The Commissioner next evaluates steps four and five of the process-determining at step four whether, considering the RFC assessed, claimant can perform her past relevant work; and at step five whether, when also considering the vocational factors of age, education, and work experience, she is able to perform other work in the economy. Wilson, 602 F.3d at 1139 (quoting Lax, 489 F.3d at 1084). In steps one through four the burden is on Plaintiff to prove a disability that prevents performance of past relevant work. Blea v. Barnhart, 466 F.3d 903, 907 (10th Cir. 2006); accord, Dikeman v. Halter, 245 F.3d 1182, 1184 (10th Cir. 2001); Williams, 844 F.2d at 751 n.2. At step five, the burden shifts to the Commissioner to show that there are jobs in the economy which are within the RFC previously assessed. Id.; Haddock v. Apfel, 196 F.3d 1084, 1088 (10th Cir. 1999).

         II. Discussion

         Plaintiff claims “the ALJ afforded little weight to most of the functional limitations contained in Dr. Wells's opinions and significant weight to the aspects of the opinions suggesting that [Plaintiff] was capable of performing simple work.” (Pl. Br. 7-8) (citing R. 74). She argues the ALJ discounted Dr. Wells's opinions because of “Dr. Wells's normal mental status examinations, [Plaintiff]'s minimal mental health treatment, lack of suicidal ideation, and reports that [Plaintiff]'s last anxiety attack had occurred two months earlier.” Id. at 8 (citing R. 73-74). She argues these reasons are insufficient. Id. (citing Youngblood v. Astrue, No. 08-2607-KHV-GBC, 2009 WL 4611459, at *7 (D. Kan. Dec. 4, 2009)).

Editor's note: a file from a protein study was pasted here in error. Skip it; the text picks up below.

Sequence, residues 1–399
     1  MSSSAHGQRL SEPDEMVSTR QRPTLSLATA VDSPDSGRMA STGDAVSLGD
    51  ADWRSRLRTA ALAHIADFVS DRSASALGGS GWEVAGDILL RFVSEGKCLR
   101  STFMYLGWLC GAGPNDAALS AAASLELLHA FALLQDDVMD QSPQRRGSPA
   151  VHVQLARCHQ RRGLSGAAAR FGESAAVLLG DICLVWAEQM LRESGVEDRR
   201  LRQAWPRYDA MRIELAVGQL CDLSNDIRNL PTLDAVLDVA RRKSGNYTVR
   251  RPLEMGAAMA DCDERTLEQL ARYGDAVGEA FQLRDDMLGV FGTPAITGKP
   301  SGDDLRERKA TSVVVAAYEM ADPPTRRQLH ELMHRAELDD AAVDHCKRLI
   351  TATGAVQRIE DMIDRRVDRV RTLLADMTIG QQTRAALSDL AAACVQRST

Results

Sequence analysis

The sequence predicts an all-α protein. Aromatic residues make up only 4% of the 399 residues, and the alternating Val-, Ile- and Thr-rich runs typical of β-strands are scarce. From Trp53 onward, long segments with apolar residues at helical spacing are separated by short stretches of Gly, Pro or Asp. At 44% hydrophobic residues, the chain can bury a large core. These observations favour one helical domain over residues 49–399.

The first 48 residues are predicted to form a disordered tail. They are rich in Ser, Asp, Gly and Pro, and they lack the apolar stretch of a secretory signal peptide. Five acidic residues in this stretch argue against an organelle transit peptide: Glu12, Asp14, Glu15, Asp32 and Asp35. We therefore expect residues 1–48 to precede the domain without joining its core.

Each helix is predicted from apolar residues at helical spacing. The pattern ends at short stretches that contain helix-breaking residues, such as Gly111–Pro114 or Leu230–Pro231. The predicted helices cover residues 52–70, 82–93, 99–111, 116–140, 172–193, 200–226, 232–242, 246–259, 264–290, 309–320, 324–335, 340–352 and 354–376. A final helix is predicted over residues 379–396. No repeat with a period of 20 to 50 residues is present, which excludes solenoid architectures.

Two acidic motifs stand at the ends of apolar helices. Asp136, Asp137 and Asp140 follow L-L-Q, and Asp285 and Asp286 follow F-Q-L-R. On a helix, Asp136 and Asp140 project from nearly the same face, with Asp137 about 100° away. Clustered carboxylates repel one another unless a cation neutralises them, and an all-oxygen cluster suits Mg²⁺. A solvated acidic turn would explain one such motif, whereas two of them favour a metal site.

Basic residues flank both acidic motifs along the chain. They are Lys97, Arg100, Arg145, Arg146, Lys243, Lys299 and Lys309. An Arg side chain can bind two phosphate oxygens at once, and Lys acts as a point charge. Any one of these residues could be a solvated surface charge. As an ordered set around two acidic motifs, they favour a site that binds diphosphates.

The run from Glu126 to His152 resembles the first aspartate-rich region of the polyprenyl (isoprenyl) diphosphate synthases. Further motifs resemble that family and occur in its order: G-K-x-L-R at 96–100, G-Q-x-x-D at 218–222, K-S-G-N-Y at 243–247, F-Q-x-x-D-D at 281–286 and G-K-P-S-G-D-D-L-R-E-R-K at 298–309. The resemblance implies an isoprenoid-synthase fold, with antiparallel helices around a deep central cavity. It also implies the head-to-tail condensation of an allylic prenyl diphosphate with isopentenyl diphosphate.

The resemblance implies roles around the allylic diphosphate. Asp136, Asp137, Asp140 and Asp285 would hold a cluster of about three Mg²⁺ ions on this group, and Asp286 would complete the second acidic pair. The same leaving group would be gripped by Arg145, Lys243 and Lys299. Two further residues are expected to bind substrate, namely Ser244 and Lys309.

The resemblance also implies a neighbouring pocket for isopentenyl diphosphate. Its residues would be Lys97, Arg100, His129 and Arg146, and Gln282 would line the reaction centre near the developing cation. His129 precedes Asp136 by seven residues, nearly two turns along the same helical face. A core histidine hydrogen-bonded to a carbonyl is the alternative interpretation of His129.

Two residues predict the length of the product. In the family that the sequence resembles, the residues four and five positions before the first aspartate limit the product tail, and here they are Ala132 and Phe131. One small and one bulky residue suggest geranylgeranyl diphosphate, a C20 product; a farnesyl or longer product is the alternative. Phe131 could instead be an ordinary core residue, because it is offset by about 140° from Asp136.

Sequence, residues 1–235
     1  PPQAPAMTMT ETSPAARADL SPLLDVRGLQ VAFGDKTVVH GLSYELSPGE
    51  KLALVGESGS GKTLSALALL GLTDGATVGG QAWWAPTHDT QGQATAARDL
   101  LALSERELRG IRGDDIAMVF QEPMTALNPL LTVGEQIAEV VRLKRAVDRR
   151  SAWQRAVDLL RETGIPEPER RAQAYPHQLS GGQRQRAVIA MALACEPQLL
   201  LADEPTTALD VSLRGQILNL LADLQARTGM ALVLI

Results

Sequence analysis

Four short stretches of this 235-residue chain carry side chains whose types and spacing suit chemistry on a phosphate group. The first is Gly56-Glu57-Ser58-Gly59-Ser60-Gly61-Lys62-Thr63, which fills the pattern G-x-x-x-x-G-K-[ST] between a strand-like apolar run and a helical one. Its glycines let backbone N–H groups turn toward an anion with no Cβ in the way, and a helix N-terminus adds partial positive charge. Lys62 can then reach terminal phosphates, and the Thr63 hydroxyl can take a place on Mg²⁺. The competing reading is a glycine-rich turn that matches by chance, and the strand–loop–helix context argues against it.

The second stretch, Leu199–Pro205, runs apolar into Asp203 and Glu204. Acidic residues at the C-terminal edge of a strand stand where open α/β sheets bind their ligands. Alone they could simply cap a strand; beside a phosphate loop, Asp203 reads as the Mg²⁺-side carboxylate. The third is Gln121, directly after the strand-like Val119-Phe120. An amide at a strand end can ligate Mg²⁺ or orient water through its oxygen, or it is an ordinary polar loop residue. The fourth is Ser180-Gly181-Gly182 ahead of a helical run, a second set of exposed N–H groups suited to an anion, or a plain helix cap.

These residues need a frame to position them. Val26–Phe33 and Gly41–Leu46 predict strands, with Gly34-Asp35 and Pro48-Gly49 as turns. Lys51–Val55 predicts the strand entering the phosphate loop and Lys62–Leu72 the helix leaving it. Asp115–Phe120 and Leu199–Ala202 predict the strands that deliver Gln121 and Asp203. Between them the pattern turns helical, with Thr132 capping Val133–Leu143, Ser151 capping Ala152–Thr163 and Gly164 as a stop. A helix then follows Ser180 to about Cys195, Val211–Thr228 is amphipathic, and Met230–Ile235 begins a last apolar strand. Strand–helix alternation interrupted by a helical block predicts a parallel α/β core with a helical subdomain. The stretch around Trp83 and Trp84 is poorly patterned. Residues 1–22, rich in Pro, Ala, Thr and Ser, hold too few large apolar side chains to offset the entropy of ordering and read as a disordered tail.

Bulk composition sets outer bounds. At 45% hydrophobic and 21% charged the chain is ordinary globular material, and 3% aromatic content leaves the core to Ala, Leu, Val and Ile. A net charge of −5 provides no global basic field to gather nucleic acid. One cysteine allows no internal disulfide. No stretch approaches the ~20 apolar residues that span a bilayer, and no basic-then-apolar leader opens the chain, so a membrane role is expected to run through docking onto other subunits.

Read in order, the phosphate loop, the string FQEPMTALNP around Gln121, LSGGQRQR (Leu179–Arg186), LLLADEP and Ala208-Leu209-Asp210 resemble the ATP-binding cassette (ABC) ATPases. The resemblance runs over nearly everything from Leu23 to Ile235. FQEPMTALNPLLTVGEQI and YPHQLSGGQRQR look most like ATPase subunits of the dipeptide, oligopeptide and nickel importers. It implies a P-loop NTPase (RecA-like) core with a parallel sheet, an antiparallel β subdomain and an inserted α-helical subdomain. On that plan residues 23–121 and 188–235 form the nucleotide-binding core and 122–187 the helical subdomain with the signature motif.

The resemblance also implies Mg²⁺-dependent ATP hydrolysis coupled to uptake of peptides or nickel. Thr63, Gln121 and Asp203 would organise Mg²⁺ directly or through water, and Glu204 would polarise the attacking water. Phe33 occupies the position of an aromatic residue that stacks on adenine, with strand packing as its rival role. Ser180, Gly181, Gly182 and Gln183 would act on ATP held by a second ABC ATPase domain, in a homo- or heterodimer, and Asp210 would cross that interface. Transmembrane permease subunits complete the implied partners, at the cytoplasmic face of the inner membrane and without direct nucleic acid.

Plaintiff argues that Dr. Wells's first examination findings were far from being normal, and “showed limitations consistent with his opinion, ” such as fair eye contact, relating in a guarded fashion, difficulty focusing, slow speed, inability to recall current events, and appearing uncomfortable during the examination. Id. at 10-11. She argues the ALJ did not address these findings. She argues that the second examination was not normal either, and that “her condition appeared to deteriorate in some ways.” (Pl. Br. 11). She notes that she maintained poor eye contact, related in guarded manner, spoke softly, her speed was slow and deliberate, had difficulty spelling “world” backward, seemed distracted, recalled only one of three words, was unable to recall current events, appeared tired and depressed, and the interview appeared to be taxing her. She argues that this case is similar to the case of Bryant v. Comm'r, 753 Fed.Appx. 637, 641 (10th Cir. Nov. 23, 2018), wherein the ALJ impermissibly cherry-picked the record relying “on portions of medical reports that tended to support a finding of non-disability and therefore contradicted [the consultative examiner's] opinion, but [] ignor[ing] other portions of the same reports that confirmed some of [the consultative examiner's] observations and tended to support her conclusions.” She argues that the ALJ here committed the same error when he “pointed to Dr. Wells's observations that supported a finding of non-disability while ignoring the findings in the same report that supported the opinion.” (Pl. Br. 12). She argues that in the same manner, the ALJ “cherry-picked the remaining treatment record in concluding that Dr. Wells's opinion was inconsistent with the other evidence.” Id. at 13. She argues that “the ALJ termed the other mental status examinations as nearly normal-to-normal, [but] failed to support this assessment.” Id.